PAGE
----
In an era where most retailers are trying to decrease their physical presence, Amazon is doing the opposite  by opening physical bookstores across the US. I visited one last weekend, and was very impressed with the genius of using the store to promote Amazon services and devices.

First, unlike most bookstores that carry books on nearly every subject in the Dewey decimal system, the Amazon store carries a much smaller collection of books that are bestselling amongst customers in the geographical area. There were best sellers in fiction, art, cooking, business, self-improvement, health, children’s books, popular science, and that’s it. The pricing model was genius: if you have a prime membership you get the Amazon discounted price, and if you don’t you pay the book’s list price. My guess is that this will drive prime memberships as store patrons will opt to become prime members to nab the books they like at a discount.

Second, the store has prominent displays of the Kindle, Fire, and Echo devices, with helpful staff that answers any questions you have. Having the devices on display, and allowing customers to hold them and learn how they feel in their hands is very powerful. I was tempted to get a Kindle device despite my love of the Kindle App on my phone and tablet, and a Fire HD for the kids in addition to their iPads.

Third, despite the store being much smaller than typical bookstores, it felt warm and inviting. The store even had some comfortable chairs and couches for people to sit down, and enjoy a book or two.

It would be interesting to see how these bookstores fare when other stores failed. Apple, Microsoft, and now Amazon are proving that properly designed store can work, allowing people to touch and feel the products they are thinking of buying ahead of making a decision.

Friday, April 14, 2017

A paper a day keeps the dr away: FaRM -- Fast Remote Memory

Distributed systems have allowed applications to use more computation power, memory, and physical storage than is available on a single machine, enabling applications to tackle more complex problems. The capacity increase however comes at a cost: accessing remote resources is slower than accessing ones that are local to the machine. The paper “FaRM:Fast Remote Memory” tries to address the cost of accessing remote memory, and ways to make it faster.
The authors start by acknowledging that the major cost of accessing remote memory is the networking cost between machines through the TCP/IP stack, and that faster networks could do so much. They cite the case of MemC3—a state of the art key-value store—which performed 7x worse in a client-server setup than in a single machine setup, despite request batching. The authors ask the question if the TCP/IP stack overhead is that high, what if you bypass the complex protocol stacks, and use RDMA—remote direct memory access—to access memory on another machine? How would the performance look? The rest of the paper explores that question, and introduces FaRM: fast remote access memory.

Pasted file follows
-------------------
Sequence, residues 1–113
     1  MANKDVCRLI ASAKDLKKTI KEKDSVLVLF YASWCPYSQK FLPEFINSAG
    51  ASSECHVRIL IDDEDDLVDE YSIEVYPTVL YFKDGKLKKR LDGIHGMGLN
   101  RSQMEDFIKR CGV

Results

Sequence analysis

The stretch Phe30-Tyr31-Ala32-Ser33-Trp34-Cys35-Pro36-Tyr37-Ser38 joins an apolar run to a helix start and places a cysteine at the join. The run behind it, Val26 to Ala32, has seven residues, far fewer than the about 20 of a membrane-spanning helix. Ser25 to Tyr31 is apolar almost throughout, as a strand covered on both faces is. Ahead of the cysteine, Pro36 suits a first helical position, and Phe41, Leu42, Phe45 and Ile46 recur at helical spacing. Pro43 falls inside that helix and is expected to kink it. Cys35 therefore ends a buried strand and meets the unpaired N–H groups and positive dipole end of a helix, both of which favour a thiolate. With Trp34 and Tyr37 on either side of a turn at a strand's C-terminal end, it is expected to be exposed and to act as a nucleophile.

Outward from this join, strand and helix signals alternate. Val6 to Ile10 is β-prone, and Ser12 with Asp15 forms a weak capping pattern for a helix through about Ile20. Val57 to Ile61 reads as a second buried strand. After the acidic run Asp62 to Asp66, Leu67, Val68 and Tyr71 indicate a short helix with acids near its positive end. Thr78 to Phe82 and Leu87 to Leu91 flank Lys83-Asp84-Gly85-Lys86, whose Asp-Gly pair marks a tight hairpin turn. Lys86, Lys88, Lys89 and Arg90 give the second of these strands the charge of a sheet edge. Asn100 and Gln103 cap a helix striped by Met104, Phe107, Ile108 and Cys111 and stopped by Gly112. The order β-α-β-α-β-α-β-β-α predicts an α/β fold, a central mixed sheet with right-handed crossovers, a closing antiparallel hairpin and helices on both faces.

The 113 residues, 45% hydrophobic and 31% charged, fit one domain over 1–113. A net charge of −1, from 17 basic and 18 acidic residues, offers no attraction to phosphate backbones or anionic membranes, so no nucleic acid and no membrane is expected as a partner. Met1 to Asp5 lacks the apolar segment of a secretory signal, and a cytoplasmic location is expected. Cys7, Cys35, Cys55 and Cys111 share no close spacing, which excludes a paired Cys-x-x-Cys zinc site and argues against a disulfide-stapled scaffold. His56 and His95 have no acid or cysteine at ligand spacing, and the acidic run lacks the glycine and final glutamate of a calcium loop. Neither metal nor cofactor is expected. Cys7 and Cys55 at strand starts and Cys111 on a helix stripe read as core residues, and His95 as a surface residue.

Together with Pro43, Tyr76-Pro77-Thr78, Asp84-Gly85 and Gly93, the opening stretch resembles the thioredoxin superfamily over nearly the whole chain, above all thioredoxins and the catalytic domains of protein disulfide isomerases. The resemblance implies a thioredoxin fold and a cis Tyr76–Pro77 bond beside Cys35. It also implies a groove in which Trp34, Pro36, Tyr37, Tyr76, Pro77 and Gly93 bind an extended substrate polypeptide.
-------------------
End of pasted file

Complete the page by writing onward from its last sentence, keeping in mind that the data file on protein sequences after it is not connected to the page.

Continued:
The authors start with some background on RDMA. In RDMA, requests are sent between nodes over queue-pairs, and network failures are exposed as terminated connections. The requests go directly to the NIC, without involving the kernel, and are serviced by the remote NIC without the involvement of the CPU. Similar to DMA—direct memory access—a memory region is registered with the NIC before use, and the NIC driver pins the memory regions in physical memory, and stores virtual to physical page mappings in a page table in the NIC. When an RDMA request is received, the NIC gets the page table for the target, and uses DMA to access the memory.  Since NICs have limited memory for page tables, the tables are stored in system memory, and the NIC memory acts a cache. RDMA connects to remote machines typically over InfiniBand, but recently RoCE—RDMA over converged Ethernet—is becoming more attractive, with flow control, congestion notification, and a much cheaper price--$10/Gbps for 40 Gbps RoCE compared to $60/Gpbs for 10 Gbps Ethernet.